“Overtime is about culture and Fortnite is loved by personalities ranging from Drake to Ben Simmons. We’re excited to cover eSports and feature content our people are passionate about,” Zigerelli told The Wrap. “It’s five strangers working together to chase the dream. It has heart, it’s funny and it’s perfect for bingeing.”

Seeing a potential growth for Fortnite, multiple organizers, both online and in-person, have arranged tournaments. Colleges are building arenas and declaring majors and plenty of convention centers and arenas have made sure they are able to handle the demands of competitive events.

Globally, organizations are taking note of the spending power of the eSports industry. The World Economics Group’s most recent report indicates the sport will soon be a $1 billion industry with over 300 million fans.

What more do you need to know? Nike (yep, Nike) just signed its first eSports athlete, Chinese League of Legends player Jian Zihao, and he's teaming up with LeBron James for a clever new shirt design. But Nike isn't the first sportswear company to dip its toes into video games. Champion partnered with the multi-game Team Dignitas back in September, providing official uniforms for the team along with casual wear. And the rise of eSports among mainstream media has seen a similar boost recently, with Ninja appearing as the first professional gamer on ESPN Magazine's cover.

Generation Z, the target gamer audience (defined as those born between 1995 and 2010) has taken to following sports action online like nobody else, and as previously mentioned, Overtime has made a substantial living by catering to that crowd and posting high school sports content across varying social media platforms. Business Insider reported last year that Overtime videos reach 11 million unique users a month—95 percent of whom are on mobile and under 25. GenZ's age spread means that the oldest members are about 22 and are just entering the workforce. And while the younger part of this age group's spending may be currently limited by parents, it won’t be long before they are team members in the offices and workplaces being run by Millennials (who have a remarkably open mindset about connectivity). Being involved with eSports makes total sense for Overtime since the esports industry is powered by the younger generations — from both an audience standpoint and in terms of professional gamers. The fact that a sports media company is sponsoring its own professional video game team shows the effect the eSports boom is having on the traditional sports ecosystem.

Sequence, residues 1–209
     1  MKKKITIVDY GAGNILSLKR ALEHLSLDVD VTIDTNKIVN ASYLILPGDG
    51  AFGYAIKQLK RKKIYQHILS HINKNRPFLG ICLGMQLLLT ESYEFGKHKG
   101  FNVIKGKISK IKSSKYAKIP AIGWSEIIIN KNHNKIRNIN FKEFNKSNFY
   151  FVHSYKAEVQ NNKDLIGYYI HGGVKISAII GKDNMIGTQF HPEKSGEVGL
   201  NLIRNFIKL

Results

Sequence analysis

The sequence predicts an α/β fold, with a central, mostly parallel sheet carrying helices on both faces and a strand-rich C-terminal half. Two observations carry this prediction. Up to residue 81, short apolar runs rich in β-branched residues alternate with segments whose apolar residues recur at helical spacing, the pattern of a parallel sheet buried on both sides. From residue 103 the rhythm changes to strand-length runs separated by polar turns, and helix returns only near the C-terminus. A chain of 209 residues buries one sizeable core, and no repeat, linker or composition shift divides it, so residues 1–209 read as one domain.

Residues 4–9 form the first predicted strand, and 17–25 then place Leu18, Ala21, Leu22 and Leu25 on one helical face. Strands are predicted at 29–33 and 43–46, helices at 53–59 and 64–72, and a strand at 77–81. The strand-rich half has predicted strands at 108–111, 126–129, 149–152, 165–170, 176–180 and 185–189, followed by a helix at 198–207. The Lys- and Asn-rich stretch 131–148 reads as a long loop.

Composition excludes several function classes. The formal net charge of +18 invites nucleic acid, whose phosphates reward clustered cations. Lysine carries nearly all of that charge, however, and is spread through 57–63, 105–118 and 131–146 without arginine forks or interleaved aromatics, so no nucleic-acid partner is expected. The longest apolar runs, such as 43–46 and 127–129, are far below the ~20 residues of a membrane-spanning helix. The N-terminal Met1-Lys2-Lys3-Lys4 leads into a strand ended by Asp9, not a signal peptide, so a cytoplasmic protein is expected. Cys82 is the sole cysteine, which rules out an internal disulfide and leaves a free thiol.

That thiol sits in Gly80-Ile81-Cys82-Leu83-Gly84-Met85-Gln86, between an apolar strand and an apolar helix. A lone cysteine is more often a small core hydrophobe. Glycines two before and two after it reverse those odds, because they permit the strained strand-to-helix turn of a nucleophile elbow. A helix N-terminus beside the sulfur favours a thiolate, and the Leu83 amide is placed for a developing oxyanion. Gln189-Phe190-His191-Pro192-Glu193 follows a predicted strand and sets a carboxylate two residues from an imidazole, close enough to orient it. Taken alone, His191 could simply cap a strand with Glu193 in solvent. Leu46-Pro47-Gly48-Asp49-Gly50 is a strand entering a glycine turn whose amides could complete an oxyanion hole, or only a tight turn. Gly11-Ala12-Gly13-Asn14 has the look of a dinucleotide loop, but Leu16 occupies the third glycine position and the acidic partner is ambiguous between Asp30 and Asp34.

Gen Z is also co-ed. In fact, just recently, global eSports organization GenG announced the creation of an all-female Fortnite duos game. The team consists of professional gamers Tina Perez and Madison Mann, better known by their respective gamertags, “TINARAES” and “Maddiesuun.” This team was first seen at the Fortnite Fall Skirmish held at TwitchCon.

“Our fans should be thrilled about our Fortnite team and what this development means for the future of esports,” said Arnold Hur, Chief Growth Officer of Gen.G eSports.

With the rise of a new reality show and the influx of women gamers, event owners need to be ready for increased registration – with more beginner-friendly events, skill clinics and expos to welcome in newcomers. The industry of eSports is going nowhere but up.